The East-West cultural tour to Bhutan starts with your arrival at Paro International Airport. The flight to Paro offers you the magnificent scenario of the High Himalayas and the landscapes of the kingdom of Bhutan. Our Airport representative will pick you up from the Airport terminal and transfer you to the hotel of your choice in Paro. After arriving at the hotel, we will hold a pre-tour meeting for you and give you a briefing about the preparation of this tour. We will then introduce you to your guides. After some procedure, you can spend your evening either resting in the hotel or going out visiting the market in Paro. Overnight at a hotel in Paro.

Day 02

Paro -Taktsang Monastery

Our tour today is to one of the finest monasteries in Bhutan Taktsang Monastery. When it comes to traveling to Bhutan, Taktsang Monastery comes on the must-visit list. Early morning after breakfast, we will drive to Satsam Chorten and then hike to Taktsang monastery. Taktsang monastery is also popular as Tiger Nest monastery. It is located on the cliffside of the upper Paro valley in Bhutan. It is the sacred site of Buddhists which was 1st built-in in 1692. This monastery carries its significance. However, it is said that Guru Padmasambhava had flown on the back of the Tigress to meditate in the cave in the 8th century thus, giving it the name Tiger Nest. This monastery is the cultural icon of Buddhism. The view provided by this monastery is stunning. One cannot resist taking pictures in these monasteries.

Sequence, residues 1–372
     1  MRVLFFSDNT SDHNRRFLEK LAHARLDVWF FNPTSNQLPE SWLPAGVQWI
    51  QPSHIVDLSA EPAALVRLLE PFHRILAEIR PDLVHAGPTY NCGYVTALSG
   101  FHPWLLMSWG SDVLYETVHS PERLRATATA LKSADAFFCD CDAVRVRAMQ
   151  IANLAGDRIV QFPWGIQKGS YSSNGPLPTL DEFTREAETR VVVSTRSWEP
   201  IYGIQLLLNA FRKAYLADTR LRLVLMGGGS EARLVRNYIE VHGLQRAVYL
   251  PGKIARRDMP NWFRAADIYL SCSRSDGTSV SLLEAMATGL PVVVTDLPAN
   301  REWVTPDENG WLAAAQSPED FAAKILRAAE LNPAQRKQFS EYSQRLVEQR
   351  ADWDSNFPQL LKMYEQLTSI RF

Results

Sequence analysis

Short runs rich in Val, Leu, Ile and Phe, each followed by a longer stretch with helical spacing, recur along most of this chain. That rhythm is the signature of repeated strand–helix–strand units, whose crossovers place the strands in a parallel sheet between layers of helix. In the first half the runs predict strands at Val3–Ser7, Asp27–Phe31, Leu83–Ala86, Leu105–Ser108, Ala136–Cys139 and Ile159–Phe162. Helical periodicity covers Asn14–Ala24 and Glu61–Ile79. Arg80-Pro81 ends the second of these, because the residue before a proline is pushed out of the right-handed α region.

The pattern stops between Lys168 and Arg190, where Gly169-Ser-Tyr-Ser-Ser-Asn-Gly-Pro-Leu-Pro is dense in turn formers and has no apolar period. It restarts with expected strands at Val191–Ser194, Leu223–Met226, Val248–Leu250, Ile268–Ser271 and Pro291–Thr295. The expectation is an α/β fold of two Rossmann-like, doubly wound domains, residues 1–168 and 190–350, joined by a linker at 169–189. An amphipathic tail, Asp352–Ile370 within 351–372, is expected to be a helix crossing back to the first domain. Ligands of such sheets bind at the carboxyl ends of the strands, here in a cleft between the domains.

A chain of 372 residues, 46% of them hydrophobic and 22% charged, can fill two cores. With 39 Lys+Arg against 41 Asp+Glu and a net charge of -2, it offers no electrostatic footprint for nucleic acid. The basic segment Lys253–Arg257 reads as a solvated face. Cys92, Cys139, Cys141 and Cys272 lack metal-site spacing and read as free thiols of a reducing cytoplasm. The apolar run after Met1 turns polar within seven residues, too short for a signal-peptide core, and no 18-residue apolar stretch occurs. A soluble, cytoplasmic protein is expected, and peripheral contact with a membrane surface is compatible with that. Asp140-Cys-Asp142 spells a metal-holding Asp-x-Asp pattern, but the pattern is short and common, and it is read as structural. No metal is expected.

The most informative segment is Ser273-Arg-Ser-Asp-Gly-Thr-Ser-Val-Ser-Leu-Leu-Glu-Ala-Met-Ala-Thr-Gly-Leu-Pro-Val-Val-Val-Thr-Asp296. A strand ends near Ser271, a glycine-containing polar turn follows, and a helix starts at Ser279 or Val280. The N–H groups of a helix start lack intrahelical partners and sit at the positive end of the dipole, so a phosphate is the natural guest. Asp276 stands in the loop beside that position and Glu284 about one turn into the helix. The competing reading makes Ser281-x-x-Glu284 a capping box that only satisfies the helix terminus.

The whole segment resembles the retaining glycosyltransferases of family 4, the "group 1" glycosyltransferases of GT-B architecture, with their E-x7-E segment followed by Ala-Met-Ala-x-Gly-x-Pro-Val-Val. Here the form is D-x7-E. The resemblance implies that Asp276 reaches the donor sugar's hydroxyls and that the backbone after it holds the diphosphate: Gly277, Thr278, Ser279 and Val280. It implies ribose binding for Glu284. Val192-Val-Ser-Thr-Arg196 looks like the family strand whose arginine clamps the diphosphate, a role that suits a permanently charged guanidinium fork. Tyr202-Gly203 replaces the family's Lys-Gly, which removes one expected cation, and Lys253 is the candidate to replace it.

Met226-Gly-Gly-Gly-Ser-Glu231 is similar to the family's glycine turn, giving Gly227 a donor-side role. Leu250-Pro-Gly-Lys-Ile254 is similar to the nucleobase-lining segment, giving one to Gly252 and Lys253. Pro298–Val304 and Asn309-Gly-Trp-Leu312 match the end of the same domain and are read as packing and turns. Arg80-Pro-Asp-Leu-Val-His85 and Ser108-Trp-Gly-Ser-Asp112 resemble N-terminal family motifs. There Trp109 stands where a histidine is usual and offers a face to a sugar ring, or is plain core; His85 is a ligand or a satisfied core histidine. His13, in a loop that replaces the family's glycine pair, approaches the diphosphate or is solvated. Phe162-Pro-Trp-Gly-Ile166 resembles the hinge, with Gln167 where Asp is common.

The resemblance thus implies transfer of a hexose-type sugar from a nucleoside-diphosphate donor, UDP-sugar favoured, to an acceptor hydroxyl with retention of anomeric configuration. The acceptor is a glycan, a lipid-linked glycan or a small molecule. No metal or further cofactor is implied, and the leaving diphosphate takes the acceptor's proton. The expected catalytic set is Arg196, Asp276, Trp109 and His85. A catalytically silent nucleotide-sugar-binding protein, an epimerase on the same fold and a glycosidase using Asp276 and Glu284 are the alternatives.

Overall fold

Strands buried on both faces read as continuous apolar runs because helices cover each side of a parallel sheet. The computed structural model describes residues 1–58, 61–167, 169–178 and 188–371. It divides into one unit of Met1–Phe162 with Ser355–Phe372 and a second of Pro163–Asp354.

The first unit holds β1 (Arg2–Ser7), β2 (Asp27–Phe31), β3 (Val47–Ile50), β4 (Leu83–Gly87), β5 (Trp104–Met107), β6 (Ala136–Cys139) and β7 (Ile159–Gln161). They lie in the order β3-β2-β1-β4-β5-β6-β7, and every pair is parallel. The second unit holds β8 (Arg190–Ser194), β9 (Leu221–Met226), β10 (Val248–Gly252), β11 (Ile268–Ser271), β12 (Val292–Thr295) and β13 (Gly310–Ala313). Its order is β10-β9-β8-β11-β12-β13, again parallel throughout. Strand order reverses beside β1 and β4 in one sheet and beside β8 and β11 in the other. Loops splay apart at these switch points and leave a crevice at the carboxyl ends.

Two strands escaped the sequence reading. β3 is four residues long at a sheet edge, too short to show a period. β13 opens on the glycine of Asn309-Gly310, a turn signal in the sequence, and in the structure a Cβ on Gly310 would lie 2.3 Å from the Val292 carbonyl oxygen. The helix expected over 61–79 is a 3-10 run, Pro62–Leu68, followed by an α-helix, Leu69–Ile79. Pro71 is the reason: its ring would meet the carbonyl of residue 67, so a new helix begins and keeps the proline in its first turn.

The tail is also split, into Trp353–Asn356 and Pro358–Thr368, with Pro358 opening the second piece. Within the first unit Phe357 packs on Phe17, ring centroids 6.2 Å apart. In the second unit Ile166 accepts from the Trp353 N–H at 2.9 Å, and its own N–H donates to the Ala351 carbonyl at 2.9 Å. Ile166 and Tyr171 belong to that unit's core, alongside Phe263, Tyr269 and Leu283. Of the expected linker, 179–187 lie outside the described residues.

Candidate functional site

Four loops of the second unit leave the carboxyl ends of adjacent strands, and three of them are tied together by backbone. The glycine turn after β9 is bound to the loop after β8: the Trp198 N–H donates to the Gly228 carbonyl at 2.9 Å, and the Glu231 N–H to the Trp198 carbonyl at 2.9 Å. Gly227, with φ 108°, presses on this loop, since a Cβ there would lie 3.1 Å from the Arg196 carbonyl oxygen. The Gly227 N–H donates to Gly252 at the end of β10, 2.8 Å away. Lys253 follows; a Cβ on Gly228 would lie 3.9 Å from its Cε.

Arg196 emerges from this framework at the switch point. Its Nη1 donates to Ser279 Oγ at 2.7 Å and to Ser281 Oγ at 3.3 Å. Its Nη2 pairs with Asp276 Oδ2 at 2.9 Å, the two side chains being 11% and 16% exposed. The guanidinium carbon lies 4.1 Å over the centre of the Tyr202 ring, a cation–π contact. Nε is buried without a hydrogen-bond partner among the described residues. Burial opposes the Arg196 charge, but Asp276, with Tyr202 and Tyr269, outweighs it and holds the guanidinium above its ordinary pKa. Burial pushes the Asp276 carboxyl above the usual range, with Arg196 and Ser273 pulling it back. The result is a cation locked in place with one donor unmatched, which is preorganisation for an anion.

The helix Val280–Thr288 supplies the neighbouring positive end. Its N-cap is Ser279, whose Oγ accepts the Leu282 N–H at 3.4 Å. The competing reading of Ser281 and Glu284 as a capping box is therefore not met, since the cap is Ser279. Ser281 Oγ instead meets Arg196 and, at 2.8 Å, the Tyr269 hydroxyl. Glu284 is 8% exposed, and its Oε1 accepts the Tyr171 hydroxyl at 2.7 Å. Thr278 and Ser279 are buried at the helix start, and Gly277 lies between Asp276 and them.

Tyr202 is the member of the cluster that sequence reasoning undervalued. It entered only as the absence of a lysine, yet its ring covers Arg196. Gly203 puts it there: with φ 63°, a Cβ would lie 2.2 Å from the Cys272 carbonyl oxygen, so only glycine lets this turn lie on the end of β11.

After exploring this monastery, hike back to the road and drive to Kyichu Lhakhang. It is a seventh-century temple revered as one of the most magnificent sites in Bhutan. Later, visit Rinpung Dzong which is a Buddhist fortress featuring several Shrines and Chapels, as well as wall paintings and grand architecture. Overnight at hotel in Paro

Day 03

Paro to Thimphu

Today we will transfer from Paro to the capital of Bhutan-Thimphu. The distance from Paro to Thimphu is 50km which is about a 1 hr 20 min drive excluding stops. On your way to Thimphu, you will explore several places in Paro. You can visit the National Museum (Ta-Dzong) which is 5km from Paro. It was once the watchtower for Rinpung Dzong and later was converted into the National Museum in 1968. In addition to this, visit the oldest temple in Bhutan Kyichu Lhakhang. Later, you can explore Rinpung Dzong. Several Bhutanese festivals are celebrated here in this Dzong. Tshechu, an annual festival in Bhutan is held here in Rinpung Dzong. After exploring places in Paro you will drive to Thimphu following Parchu downstream. The Parchu river confluence with Chuzom passing through several villages such as Bondey, Shaba, Isuna, etc. 

In the evening you can stroll around Thimphu market. Overnight at a hotel in Thimphu.

Day 04

Thimphu Sightseeing

The 4th day of the tour starts with sightseeing in the capital of Bhutan. Today we will spend our whole day at Thimphu. Thimphu has a lot to offer to visitors as it is popular for its Buddhist monasteries and culture. So, the very thing you can do in Thimpu is to visit Buddha point for the incredible view of the city along with the Himalayas. The next thing to explore in Thimphu is Takins-which is home to Bhutan’s national animals. Similarly, you can visit the Memorial Chorten which is a huge stupa built-in in memory of the third King. Besides, visit the National Library where ancient monuments are preserved and protected. On the other hand, you can explore Tashi Choe Dzong- the main Secretariat building. There are cemetery farmers markets, crafts bazaars as well as the institute of traditional medicine in Thimphu for you to explore.